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Arguments for woman who claims she was wrongfully convicted

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The case of a woman who contends she was wrongfully convicted of arson and murder because of faulty science will be heard by the Indiana Court of Appeals July 13.

Kristine Bunch appeals the denial of her petition for post-conviction relief, claiming advances in science invalidate the basis for concluding the fire in her mobile home, which killed her 3-year-old son, resulted from arson. She was convicted of arson and murder in 1996; she filed her petition for post-conviction relief in 2006, which the court denied in 2010 after an evidentiary hearing.

Bunch also argues that the state improperly failed to disclose exculpatory and impeachment evidence, and that her trial attorney rendered ineffective assistance of counsel by not adequately challenging the state’s expert testimony and eliciting otherwise inadmissible opinion evidence suggesting guilt.

Indiana Lawyer interviewed  Bunch in 2009 as part of the “Justice in Question” series exploring issues around wrongful convictions.

Arguments begin at 11 a.m. in Bunch v. State of Indiana, No. 16A05-1007-PC-439 and will be webcast.  

The Court of Appeals will also hear Lawane Chaney v. Clarian Health Partners Inc., No. 49A05-0905-CV-263, at 1:30 p.m. The arguments will focus on Clarian Health Partners' motion for appellate fees and costs under Indiana Appellate Rule 66(E).

In February 2010, the COA ruled in favor of Clarian in this purported class-action suit. By the time of the appeal, Lawane Chaney, the only purported class member, was no longer a party, but his former counsel, Ron Weldy, proceeded with the case allegedly on behalf of Chaney.

The trial court had dismissed the case with prejudice for lack of a class representative but had also denied Clarian's request for attorney fees. The trial court also imposed sanctions against Weldy, which Weldy appealed. The COA affirmed the imposition of Trial Rule 37 sanctions against Weldy. The COA denied Weldy's petition for rehearing, and the Indiana Supreme Court denied his petition for transfer.

Arguments in Chaney will also be webcast.

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  1. The practitioners and judges who hail E-filing as the Saviour of the West need to contain their respective excitements. E-filing is federal court requires the practitioner to cram his motion practice into pigeonholes created by IT people. Compound motions or those seeking alternative relief are effectively barred, unless the practitioner wants to receive a tart note from some functionary admonishing about the "problem". E-filing is just another method by which courts and judges transfer their burden to practitioners, who are the really the only powerless components of the system. Of COURSE it is easier for the court to require all of its imput to conform to certain formats, but this imposition does NOT improve the quality of the practice of law and does NOT improve the ability of the practitioner to advocate for his client or to fashion pleadings that exactly conform to his client's best interests. And we should be very wary of the disingenuous pablum about the costs. The courts will find a way to stick it to the practitioner. Lake County is a VERY good example of this rapaciousness. Any one who does not believe this is invited to review the various special fees that system imposes upon practitioners- as practitioners- and upon each case ON TOP of the court costs normal in every case manually filed. Jurisprudence according to Aldous Huxley.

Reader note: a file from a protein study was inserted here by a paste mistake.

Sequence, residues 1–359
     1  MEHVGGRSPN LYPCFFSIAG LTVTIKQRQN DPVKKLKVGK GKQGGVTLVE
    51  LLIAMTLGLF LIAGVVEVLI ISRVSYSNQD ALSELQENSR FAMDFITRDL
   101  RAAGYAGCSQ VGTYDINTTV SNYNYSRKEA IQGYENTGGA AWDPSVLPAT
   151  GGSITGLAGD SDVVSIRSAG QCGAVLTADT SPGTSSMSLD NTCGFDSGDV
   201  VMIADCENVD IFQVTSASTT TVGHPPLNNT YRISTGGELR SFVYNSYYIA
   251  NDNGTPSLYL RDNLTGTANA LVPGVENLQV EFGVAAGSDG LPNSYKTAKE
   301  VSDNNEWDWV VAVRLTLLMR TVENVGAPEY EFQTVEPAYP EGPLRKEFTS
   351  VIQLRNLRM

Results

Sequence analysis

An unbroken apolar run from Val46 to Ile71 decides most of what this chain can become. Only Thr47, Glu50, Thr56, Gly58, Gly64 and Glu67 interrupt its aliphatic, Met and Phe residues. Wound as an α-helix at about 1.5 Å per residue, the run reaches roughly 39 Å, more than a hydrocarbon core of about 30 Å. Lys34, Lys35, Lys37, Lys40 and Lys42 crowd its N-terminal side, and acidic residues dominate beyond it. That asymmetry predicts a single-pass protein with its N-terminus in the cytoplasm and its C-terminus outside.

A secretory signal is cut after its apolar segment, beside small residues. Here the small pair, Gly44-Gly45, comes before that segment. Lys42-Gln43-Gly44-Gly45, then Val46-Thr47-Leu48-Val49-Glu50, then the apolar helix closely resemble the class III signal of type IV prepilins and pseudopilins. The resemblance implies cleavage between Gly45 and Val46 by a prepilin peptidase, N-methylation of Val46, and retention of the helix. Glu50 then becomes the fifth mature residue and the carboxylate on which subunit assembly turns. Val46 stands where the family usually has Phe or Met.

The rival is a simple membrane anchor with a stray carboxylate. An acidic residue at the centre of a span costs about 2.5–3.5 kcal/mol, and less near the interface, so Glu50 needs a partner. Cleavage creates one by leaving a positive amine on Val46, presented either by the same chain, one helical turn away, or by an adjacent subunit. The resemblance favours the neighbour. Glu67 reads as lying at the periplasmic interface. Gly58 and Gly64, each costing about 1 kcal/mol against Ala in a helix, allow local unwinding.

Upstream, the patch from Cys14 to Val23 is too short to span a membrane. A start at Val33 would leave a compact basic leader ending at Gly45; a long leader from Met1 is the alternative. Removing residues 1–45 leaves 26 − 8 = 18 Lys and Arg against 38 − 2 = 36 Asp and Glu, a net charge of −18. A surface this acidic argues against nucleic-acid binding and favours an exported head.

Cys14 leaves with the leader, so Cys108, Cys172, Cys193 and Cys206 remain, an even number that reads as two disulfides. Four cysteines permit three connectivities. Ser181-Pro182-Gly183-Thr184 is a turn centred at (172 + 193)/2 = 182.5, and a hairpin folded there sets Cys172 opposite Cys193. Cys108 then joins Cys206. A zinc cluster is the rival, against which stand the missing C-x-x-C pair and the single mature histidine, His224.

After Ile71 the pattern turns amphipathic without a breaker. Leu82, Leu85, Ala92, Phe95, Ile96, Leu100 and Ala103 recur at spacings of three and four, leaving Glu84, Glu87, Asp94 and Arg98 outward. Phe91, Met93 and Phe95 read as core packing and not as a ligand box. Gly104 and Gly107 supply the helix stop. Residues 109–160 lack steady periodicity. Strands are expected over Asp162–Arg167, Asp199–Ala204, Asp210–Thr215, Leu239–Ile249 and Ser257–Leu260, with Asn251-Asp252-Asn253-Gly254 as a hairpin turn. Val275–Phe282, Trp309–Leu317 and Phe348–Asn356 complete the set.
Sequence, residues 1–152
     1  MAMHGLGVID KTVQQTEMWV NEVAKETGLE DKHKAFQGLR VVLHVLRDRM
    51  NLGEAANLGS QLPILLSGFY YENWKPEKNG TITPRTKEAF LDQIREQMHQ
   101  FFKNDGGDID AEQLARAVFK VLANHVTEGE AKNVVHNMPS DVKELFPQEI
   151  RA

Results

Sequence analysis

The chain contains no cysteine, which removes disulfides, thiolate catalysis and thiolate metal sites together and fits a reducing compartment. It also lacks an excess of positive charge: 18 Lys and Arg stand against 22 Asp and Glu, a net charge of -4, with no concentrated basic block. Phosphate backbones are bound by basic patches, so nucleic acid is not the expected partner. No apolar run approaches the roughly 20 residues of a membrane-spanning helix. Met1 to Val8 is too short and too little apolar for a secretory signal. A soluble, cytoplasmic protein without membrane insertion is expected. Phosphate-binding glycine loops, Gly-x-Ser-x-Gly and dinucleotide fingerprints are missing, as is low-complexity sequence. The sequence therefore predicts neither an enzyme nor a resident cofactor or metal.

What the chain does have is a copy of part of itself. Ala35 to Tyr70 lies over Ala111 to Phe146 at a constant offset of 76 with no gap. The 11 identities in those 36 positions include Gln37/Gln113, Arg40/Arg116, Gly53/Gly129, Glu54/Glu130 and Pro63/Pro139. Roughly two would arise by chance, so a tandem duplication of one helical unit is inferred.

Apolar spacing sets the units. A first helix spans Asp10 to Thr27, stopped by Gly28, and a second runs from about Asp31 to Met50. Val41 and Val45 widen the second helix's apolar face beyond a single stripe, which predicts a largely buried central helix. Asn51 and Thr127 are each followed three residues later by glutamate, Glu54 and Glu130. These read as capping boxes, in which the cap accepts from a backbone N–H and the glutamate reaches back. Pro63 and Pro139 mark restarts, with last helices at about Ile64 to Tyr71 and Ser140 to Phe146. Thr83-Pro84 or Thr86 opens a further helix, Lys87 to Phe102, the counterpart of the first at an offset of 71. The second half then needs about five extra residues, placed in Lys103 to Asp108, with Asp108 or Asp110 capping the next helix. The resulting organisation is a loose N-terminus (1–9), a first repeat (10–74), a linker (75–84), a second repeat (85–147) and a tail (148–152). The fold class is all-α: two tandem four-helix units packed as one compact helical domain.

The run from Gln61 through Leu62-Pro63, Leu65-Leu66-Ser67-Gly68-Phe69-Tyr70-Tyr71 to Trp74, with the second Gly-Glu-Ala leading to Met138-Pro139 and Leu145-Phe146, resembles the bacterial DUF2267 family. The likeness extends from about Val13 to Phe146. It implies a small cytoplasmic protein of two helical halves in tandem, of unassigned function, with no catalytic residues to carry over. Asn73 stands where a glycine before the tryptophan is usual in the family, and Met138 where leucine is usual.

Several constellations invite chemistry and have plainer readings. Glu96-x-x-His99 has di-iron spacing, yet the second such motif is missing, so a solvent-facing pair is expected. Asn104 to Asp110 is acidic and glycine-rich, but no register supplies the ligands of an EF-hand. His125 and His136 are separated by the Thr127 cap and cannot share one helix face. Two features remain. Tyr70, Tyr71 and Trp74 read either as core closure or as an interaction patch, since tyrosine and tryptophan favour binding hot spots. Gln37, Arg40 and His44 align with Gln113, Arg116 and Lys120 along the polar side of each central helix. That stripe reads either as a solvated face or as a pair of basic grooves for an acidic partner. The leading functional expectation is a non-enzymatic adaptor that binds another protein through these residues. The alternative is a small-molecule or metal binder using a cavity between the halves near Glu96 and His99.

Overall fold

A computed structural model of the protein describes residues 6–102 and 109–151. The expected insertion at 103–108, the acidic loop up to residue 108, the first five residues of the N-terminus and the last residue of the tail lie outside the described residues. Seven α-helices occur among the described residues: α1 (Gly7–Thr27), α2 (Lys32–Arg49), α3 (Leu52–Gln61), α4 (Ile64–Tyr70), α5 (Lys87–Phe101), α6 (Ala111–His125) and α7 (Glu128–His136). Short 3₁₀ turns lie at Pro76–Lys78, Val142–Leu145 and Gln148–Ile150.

2. Any attorneys who practice in federal court should be able to say the same as I can ... efiling is great. I have been doing it in fed court since it started way back. Pacer has its drawbacks, but the ability to hit an e-docket and pull up anything and everything onscreen is a huge plus for a litigator, eps the sole practitioner, who lacks a filing clerk and the paralegal support of large firms. Were I an Indiana attorney I would welcome this great step forward.

  3. Can we get full disclosure on lobbyist's payments to legislatures such as Mr Buck? AS long as there are idiots that are disrespectful of neighbors and intent on shooting fireworks every night, some kind of regulations are needed.

  4. I am the mother of the child in this case. My silence on the matter was due to the fact that I filed, both in Illinois and Indiana, child support cases. I even filed supporting documentation with the Indiana family law court. Not sure whether this information was provided to the court of appeals or not. Wish the case was done before moving to Indiana, because no matter what, there is NO WAY the state of Illinois would have allowed an appeal on a child support case!

  5. "No one is safe when the Legislature is in session."

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